Brian McGuigan is no stranger to adversity. Recurring injuries, including a serious eye mishap, have contrived to considerably restrict his involvement with Tyrone over the past couple of seasons.
Rarely, indeed, does McGuigan, older brother of Tommy, make the Red Hands starting line-up these days yet he is one of manager Mickey Harte’s most prized assets.
That’s because his influence as an impact substitute is currently proving absolutely central to Tyrone’s ongoing progress.
Having fulfilled nothing more than a cameo role against Antrim in the Ulster final when he went in with only a few minutes remaining, the Ardboe clubman found himself exerting a vital calming effect when despatched from the bench to replace his brother Tommy in the 43rd minute against Kildare on Sunday.
That afforded the quiet-spoken Brian, who was recently married, the best part of half-an-hour in which to make his presence felt and he certainly did just that.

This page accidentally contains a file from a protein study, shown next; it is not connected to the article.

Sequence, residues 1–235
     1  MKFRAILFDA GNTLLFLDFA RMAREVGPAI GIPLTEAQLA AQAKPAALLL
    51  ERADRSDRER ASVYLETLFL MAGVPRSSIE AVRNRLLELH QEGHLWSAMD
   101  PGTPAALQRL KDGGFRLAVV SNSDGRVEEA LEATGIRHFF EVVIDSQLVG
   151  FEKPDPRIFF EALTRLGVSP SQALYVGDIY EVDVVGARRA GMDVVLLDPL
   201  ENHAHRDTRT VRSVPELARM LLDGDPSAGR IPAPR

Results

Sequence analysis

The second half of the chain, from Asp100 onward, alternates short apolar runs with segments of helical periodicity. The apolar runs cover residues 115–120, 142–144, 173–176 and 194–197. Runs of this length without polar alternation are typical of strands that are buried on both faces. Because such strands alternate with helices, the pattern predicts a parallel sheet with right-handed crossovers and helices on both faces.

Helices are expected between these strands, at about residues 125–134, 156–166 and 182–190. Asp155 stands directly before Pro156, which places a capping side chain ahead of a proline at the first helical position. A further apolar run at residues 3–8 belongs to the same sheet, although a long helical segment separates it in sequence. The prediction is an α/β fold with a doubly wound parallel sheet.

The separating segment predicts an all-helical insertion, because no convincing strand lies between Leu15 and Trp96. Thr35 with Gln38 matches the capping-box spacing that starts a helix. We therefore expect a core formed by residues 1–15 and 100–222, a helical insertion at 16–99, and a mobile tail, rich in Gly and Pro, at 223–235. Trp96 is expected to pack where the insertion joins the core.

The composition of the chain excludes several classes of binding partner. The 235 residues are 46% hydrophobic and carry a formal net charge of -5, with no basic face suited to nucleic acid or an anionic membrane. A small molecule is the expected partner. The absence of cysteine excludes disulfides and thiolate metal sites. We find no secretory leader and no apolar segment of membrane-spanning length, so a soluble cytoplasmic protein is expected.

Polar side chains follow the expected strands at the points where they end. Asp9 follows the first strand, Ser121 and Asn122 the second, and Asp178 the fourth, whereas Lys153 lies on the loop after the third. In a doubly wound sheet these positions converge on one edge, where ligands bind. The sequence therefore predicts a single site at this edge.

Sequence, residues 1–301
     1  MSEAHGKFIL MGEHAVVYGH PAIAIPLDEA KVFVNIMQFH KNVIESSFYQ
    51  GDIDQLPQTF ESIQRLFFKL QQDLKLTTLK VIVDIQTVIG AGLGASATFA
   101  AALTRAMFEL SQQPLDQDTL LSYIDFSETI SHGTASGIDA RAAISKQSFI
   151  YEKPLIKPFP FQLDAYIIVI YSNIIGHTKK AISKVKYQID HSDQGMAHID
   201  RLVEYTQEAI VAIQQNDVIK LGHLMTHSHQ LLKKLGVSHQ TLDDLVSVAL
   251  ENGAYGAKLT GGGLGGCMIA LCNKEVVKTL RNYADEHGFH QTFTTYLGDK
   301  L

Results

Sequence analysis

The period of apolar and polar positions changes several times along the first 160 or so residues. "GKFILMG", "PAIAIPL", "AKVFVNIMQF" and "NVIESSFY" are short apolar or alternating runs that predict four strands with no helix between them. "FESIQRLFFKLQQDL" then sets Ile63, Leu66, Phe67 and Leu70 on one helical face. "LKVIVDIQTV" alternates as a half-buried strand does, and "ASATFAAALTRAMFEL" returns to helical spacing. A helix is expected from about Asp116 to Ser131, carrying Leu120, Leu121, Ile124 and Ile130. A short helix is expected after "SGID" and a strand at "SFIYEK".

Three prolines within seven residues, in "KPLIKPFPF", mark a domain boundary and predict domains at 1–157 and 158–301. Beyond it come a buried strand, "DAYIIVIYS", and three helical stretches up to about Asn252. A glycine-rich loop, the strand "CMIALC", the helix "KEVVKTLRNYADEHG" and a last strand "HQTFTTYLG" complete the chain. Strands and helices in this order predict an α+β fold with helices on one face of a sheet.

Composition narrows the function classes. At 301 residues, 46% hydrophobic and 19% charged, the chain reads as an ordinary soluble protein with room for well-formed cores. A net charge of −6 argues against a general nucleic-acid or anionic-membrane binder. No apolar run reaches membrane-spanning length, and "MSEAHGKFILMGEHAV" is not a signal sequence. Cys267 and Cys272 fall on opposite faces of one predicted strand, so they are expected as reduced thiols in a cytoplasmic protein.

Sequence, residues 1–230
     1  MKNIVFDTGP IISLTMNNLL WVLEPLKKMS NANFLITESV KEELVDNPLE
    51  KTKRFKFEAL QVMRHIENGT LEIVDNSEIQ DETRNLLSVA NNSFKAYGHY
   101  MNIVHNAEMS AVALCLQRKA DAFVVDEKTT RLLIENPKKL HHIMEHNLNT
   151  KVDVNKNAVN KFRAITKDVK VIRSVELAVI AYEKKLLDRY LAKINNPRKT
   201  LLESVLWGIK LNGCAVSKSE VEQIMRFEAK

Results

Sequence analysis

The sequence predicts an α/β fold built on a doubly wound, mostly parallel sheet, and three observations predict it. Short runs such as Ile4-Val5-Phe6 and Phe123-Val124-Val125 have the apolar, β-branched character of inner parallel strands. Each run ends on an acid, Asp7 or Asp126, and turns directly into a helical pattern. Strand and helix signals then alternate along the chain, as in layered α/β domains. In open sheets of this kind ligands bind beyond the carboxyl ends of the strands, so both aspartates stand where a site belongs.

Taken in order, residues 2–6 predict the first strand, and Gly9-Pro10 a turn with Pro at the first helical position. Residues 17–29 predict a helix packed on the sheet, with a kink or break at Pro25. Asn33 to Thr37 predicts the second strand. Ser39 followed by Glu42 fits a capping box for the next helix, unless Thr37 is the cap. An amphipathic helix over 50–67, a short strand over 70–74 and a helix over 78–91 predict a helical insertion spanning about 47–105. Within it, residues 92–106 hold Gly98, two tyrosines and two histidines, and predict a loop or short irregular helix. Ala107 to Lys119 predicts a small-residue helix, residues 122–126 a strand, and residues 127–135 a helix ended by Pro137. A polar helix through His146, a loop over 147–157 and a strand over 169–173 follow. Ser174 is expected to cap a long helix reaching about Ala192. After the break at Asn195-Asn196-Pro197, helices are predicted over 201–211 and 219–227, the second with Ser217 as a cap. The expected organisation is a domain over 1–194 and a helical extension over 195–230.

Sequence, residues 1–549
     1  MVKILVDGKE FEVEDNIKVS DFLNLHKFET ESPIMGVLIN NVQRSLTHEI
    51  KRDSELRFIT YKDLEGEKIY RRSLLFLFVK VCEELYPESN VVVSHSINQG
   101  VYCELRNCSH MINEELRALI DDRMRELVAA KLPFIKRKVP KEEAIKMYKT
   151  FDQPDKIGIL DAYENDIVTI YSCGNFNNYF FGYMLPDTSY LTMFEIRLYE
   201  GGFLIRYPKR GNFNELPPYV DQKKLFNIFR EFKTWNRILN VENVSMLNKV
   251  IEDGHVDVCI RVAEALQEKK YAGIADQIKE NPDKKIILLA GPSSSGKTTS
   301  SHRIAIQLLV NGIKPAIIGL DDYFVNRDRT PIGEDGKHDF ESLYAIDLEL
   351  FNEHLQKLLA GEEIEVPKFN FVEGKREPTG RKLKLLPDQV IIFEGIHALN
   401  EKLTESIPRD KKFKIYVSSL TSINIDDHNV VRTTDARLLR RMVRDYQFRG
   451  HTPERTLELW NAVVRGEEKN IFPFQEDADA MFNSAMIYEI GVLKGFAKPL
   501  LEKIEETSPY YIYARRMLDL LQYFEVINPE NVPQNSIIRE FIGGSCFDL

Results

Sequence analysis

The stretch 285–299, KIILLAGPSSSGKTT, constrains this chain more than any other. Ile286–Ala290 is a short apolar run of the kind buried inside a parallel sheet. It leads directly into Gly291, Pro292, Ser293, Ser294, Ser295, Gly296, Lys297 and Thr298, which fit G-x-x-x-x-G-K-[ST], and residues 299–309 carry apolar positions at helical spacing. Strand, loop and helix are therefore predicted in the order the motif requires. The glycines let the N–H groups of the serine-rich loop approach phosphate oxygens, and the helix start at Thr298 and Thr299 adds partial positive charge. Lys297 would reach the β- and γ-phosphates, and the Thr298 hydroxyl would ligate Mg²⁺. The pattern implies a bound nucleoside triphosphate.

Playing a deep-lying role, his vision, fielding and distribution had much to do with Tyrone’s ability to deal with Kildare’s late but ultimately abortive response.
Not only did he help to snuff out several Kildare raids but he had a hand in two of Tyrone’s late scores and left his imprint on the contest to such an extent that manager Mickey Harte was lavish in his praise afterwards.
“We are certainly very fortunate to have someone like Brian McGuigan to call upon from the bench. He is a quality player who has been unfortunate with injuries but who is still a very important member of our squad,” says Harte.
Even though Brian pulled the strings so efficiently during his time on the park, it remains to be seen whether the manager will opt for him in his semi-final starting line-up.
It is a measure of Harte’s commitment to the pursuit of success that Brian was sent into the fray against Kildare immediately after his brother Tommy had missed a scorable free.
Harte does not do sentiment — and that’s why Tyrone players will be even more on their toes when they resume training tonight.
Skipper Brian Dooher makes it clear that a much improved display will be required if Cork are to be overcome.
“The way we played in the first-half against Kildare would not do at all against Cork who showed against Donegal just what power and explosive pace they have. You could see they have the bit between their teeth,” insists Dooher.